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Roland Glaser (born Jena 23 May 1935) is a German biophysicist and writer.[1][2] Between 1981 and 1990 he served as President of the Association for Physical and Mathematical Biology. ("Gesellschaft für physikalische und mathematische Biologie").

Roland Glaser
Born (1935-05-23) 23 May 1935 (age 84)
Jena, Thuringia, Germany

Glaser has been described as a pioneer of modern biophysical research in the former German Democratic Republic, where he helped to bring his subject into the scientific mainstream.[1] His profile was raised beyond the confines of academe through his contributions on the possible health impact of mobile telephone use.[3]


Glaser was born in Jena. His father worked as an engineer with Carl Zeiss, then as now a high-profile Jena company. When he was 10 the war which had been a feature of his early life ended and Jena found itself in the Soviet occupation zone of what remained of Germany. Glaser's father was forcibly relocated to the Soviet Union where he was put to work as a scientific researcher between 1946 and 1952. Roland Glaser was nevertheless able to pass his final school exams in Jena in 1953.[1]

Glaser studied Biology at Jena's Friedrich Schiller University, obtaining his first degree in 1958.[1] His doctorate, supervised by Manfred Gersch (1909–1981), followed in 1961,[4] received for work on water pollution through radiation.[1] While working on his doctorate he was employed as a research assistant by the national Office for Nuclear Technology. After this, between 1962 and 1965, he moved to the Academy of Sciences at Berlin,[1] employed in the Institute for Medicine and Biology, his work including research on ion transport.[4] He received his Habilitation (a higher academic qualification) from Jena in 1965. Between 1965 and 1970 he remained at Jena as an assistant professor, lecturing in aspects of Zoology.[1]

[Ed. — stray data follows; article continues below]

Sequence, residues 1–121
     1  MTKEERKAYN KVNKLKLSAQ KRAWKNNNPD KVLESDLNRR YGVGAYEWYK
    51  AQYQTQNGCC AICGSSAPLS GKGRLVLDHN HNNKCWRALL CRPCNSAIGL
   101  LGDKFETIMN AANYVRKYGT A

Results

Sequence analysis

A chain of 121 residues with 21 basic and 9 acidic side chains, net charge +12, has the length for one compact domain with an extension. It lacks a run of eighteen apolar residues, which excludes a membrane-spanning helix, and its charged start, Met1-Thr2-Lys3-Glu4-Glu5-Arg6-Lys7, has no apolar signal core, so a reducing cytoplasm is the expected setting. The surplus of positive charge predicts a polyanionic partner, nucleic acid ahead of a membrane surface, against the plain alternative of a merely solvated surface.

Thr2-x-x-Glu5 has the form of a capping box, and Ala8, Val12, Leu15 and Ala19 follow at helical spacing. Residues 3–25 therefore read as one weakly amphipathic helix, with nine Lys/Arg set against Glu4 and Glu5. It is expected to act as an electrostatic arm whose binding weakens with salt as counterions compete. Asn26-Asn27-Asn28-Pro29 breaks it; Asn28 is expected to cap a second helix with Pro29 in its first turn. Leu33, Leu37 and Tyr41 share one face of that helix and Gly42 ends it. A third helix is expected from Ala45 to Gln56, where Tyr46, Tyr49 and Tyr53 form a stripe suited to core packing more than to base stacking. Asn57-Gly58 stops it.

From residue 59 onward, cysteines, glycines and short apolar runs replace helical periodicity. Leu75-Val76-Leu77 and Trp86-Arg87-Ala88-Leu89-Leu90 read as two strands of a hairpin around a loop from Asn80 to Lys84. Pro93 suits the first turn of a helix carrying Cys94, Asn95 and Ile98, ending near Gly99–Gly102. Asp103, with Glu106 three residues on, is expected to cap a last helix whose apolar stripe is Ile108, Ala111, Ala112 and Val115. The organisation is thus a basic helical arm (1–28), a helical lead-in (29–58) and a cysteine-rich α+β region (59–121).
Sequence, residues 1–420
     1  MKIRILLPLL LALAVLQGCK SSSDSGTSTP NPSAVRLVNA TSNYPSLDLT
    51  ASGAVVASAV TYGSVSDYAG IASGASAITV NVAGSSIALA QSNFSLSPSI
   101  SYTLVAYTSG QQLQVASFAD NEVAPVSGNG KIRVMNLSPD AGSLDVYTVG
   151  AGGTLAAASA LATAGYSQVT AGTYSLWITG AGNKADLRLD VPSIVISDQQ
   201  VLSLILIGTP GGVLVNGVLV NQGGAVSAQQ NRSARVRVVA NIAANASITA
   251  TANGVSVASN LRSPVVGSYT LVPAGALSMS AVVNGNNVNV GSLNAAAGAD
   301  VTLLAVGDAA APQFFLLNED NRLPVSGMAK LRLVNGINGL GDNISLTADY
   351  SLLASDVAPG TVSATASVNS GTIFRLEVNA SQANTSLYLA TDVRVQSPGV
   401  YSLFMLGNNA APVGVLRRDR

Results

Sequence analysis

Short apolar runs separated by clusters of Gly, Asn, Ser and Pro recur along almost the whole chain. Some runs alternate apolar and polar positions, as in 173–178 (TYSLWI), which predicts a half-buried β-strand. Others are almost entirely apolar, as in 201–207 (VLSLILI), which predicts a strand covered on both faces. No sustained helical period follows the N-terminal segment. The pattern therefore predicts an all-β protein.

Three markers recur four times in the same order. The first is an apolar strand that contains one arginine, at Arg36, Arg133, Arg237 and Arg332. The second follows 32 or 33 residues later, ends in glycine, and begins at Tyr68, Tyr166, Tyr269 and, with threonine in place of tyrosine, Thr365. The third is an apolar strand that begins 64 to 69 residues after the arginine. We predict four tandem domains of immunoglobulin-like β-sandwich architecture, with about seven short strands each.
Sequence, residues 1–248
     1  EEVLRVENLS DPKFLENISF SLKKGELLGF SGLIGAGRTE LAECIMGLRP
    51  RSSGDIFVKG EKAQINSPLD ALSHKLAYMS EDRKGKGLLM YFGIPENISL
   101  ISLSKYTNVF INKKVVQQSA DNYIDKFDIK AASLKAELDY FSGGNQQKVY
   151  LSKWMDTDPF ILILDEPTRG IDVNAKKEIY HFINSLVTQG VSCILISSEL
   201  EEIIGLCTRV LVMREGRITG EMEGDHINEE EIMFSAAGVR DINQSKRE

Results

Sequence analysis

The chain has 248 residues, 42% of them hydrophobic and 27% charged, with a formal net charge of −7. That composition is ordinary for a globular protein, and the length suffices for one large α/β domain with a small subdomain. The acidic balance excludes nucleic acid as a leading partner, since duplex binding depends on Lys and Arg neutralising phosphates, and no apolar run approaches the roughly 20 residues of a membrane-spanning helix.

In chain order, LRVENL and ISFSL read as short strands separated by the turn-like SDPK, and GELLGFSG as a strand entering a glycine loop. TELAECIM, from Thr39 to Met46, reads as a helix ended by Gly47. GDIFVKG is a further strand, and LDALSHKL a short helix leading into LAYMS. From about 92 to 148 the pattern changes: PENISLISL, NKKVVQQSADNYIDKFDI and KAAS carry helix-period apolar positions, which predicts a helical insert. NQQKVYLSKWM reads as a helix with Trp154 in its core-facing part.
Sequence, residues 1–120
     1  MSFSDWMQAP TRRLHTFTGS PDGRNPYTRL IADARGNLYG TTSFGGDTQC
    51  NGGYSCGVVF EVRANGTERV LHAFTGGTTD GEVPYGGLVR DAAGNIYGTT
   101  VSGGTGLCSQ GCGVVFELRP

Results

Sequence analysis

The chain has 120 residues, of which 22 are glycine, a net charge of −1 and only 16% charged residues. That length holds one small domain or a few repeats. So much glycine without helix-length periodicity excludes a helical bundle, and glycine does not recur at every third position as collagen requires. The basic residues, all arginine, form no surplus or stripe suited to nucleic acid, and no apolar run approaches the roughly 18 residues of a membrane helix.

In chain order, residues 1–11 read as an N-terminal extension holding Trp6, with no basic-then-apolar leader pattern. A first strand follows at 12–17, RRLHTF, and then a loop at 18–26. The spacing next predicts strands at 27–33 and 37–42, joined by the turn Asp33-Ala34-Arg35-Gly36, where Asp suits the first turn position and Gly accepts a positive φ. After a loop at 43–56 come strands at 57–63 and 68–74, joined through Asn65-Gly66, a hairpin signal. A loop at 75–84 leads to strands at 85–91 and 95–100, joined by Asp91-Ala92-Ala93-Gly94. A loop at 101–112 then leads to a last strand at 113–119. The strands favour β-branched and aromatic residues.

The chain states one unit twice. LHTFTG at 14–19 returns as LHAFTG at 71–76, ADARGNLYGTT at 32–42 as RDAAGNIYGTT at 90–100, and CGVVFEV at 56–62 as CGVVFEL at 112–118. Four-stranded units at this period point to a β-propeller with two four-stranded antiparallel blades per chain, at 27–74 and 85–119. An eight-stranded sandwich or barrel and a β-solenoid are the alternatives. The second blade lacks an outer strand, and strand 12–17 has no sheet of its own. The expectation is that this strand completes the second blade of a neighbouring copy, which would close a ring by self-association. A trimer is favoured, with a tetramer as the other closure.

In 1970 Glaser obtained a professorship in Biophysics at the Humboldt University of Berlin.[4] He would retain the post for thirty years.[4] In 1979 he became a corresponding member of the national Academy of Sciences and Humanities.[1] Between 1981 and 1985[4] or 1990[1] he served as President of the Association for Physical and Mathematical Biology. Internationally, between 1976 and 1988 he sat as a member of the UNESCO European Committee on Biophysics.[4]

1989/1990 was a time of change, and in October 1990 German reunification formally put an end to the political division between East and West Germany. In 1992 Glaser's professorship at the Humboldt was confirmed, however, and he continued to live in Berlin.[1] His seminal introduction to Biophysics continued to reappear in English and in German, periodically in editions updated by Glaser, most recently in 2012.[5]


  1. ^ a b c d e f g h i j Dieter Hoffmann. "Glaser, Roland * 23.5.1935 Biophysiker, Vorsitzender der Gesellschaft für physikalische und mathematische Biologie" (in German). Bundesstiftung zur Aufarbeitung der SED-Diktatur: Biographische Datenbanken. Retrieved 16 March 2015.
  2. ^ "Katalog der Deutschen Nationalbibliothek". Deutsche Nationalbibliothek, Frankfurt am Main. Retrieved 16 March 2015.
  3. ^ Glaser, Roland (December 2005). "Are thermoreceptors responsible for "non-thermal" effects of RF fields?" (PDF). Edition Wissenschaft. Bonn, Germany: Forschungsgemeinschaft Funk (21). OCLC 179908725. Retrieved 19 January 2008.
  4. ^ a b c d e f Roland Glaser; Manfred Gersch (1971). Einführung in die Biophysik / Biophysics: An Introduction. Velang G. Fischer.
  5. ^ Roland Glaser (2012). "Biophysics : an introduction / Roland Glaser". Springer Publishing, New York. ISBN 978-3-642-25211-2. Missing or empty |url= (help)